Burma: one year after the coup, the country is bogged down in an endless war

“As soon as you leave Mandalay, you enter war zones”testifies under pseudonym Maung Zaw, journalist in the second city of Burma. “In the surrounding countryside and mountains, clashes between the armed civil resistance and the military are increasingly violent. »

→ ANALYSIS. In Burma, resistance to the junta does not weaken

A year after General Min Aung Hlaing’s coup on February 1, 2021, the major protest demonstrations have turned into a real civil war on almost all of Burma. “It’s total war now in Burma”breathes Maung Zaw.

Burmese young generation is on the front line

Burma has descended into civil war. The historic 1988 revolt against the military had been crushed in six months. But in 2021, the civil resistance is largely led by a young generation of Burmese who have had a taste of democracy, cell phones and social networks for ten years.

“There is a very good relationship between the civilian self-defense groups and the ethnic armies”analyzes a Western diplomat stationed in Yangon for years. “They apply a strategy of harassment which can last for weeks and which causes many losses in the ranks of the police and the army. »

“It’s an infernal spiral that will last a long time”

There are already more than 3,000 victims on both sides, according to a Burmese NGO, the Association for Assistance to Political Prisoners (AAPP). Much more than in 1988. “The fighting is extremely violent”confirms Hervé Lemahieu, Burma expert at the Lowy Research Institute, based in Sydney (Australia), “and it’s an infernal spiral that will last for years to come. »

Especially since “for the first time in history there is national unity against the junta, which brings together almost all ethnic groups”adds anthropologist François Robinne (1), who has traveled across Burma for years.

“Locked up in the bubbles of their barracks, the soldiers did not anticipate the fierce determination of this very connected youth who no longer wants to go back”, recalls the Western diplomat. At the start of the dry season in October, the generals said they would “set everything up in three months”. But the anti-junta front continues to grow throughout the country. “There are even many defections from the army and the policesupports Hervé Lemahieu. This affects the morale of the troops but the military institution remains solid. »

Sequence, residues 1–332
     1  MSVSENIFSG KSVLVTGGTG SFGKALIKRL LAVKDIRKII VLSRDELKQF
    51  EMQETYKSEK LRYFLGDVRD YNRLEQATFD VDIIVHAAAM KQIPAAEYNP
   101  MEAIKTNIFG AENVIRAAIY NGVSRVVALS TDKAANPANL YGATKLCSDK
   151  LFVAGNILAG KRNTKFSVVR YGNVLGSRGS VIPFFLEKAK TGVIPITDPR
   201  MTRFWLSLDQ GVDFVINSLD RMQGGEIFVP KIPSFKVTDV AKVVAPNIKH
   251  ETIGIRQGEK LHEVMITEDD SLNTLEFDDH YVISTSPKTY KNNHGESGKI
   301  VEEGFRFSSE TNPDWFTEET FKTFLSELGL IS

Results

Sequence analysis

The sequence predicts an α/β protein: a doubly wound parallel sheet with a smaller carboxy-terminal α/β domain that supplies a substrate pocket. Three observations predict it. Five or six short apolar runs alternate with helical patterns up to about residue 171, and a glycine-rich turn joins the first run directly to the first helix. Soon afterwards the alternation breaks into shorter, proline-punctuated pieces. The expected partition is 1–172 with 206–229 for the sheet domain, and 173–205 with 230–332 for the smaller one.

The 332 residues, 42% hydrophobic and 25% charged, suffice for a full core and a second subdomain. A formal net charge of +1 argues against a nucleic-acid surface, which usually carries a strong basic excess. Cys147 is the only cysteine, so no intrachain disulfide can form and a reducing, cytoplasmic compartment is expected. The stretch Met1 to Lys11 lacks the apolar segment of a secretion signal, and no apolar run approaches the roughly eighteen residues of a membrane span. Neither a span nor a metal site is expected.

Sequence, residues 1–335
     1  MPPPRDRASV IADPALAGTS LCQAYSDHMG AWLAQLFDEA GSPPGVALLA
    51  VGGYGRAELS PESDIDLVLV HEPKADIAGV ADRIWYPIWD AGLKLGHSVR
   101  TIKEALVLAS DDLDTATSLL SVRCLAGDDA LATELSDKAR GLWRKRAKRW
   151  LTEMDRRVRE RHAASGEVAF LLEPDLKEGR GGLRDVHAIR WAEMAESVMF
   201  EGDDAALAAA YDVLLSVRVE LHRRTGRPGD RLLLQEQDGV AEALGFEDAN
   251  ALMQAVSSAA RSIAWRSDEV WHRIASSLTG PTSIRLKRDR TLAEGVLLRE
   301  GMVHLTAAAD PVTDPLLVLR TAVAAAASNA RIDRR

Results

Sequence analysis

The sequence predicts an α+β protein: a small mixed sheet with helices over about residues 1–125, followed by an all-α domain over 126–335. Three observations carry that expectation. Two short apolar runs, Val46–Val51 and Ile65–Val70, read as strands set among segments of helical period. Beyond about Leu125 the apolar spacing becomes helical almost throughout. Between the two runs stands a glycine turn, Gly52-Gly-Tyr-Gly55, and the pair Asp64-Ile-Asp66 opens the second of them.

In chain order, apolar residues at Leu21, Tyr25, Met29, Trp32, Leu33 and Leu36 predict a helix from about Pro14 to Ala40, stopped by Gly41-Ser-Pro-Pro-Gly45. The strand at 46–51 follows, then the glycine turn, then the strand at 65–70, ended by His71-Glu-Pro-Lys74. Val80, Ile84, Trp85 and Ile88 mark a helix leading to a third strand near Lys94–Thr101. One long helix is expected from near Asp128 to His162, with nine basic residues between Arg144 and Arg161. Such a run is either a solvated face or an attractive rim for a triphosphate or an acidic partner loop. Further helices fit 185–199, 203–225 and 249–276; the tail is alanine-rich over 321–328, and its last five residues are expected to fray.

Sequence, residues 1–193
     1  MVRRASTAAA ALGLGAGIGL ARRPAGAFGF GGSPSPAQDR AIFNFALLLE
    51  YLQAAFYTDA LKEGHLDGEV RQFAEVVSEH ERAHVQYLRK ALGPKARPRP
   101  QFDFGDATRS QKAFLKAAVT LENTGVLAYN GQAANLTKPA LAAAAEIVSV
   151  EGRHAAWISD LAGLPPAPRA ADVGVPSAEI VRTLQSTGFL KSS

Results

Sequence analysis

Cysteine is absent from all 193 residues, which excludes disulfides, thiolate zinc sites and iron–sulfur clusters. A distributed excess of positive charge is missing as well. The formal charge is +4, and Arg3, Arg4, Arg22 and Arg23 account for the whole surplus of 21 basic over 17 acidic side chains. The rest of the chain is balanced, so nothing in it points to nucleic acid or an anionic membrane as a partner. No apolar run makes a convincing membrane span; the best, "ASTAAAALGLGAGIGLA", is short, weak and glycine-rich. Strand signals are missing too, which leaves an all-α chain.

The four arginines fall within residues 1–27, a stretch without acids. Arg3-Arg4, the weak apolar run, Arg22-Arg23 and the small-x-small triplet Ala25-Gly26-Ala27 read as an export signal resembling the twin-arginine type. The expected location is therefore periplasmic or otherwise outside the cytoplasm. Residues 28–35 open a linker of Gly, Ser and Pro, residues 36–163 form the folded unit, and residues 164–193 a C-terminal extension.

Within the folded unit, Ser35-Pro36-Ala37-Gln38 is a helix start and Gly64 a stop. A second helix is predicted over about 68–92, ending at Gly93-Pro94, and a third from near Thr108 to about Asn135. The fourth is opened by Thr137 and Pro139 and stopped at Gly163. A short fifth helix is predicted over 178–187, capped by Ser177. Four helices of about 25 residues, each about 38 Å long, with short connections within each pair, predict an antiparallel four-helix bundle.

“Only one in four children still goes to school”

In the meantime, the crisis, to which has been added the pandemic, has caused the economy to sink. Daily life is becoming more and more difficult: power cuts, lack of water, lack of doctors, curfew, multiple military checkpoints on the roads, where racketeering is rampant, galloping inflation… not to mention the half-million of displaced persons.

“Only one in four children still goes to school”, deplores Antoine Besson, of the NGO Children of the Mekong. And the repression intensified with more than 12,000 arrests, numerous cases of torture, rape and summary executions. Nearly 500,000 Burmese have fled to the border areas, and several thousand have taken refuge in India, but especially in Thailand.

Faced with this situation of war, the international community has revealed its powerlessness to find a solution to launch dialogue between the civilian government and the army. China and Russia block every single UN resolution calling for an arms embargo. “The Association of Southeast Asian Nations (ASEAN) has no influence over the military juntadeplores Hervé Lemahieu, Burma is adrift and running to ruin. It’s a real mess. »


These multinationals fleeing Burma

Oil companiesTotalEnergies and Chevron decided last week to leave the country where they were partners on the Yadana gas field.

Norwegian telecom operator Telenor has chosen, in July 2021, to sell its very profitable local subsidiary.

The British tobacco company BAT, which employed more than 100,000 people, left Burma in October.

Italian Benetton Swedish H & M have suspended any new orders from the country for months.

The Japanese manufacturer Toyota postponed the inauguration of its first factory in Burma.

The Danish brewer Carlsberg, which employs around 450 people on site, “reduces his abilities” of production.


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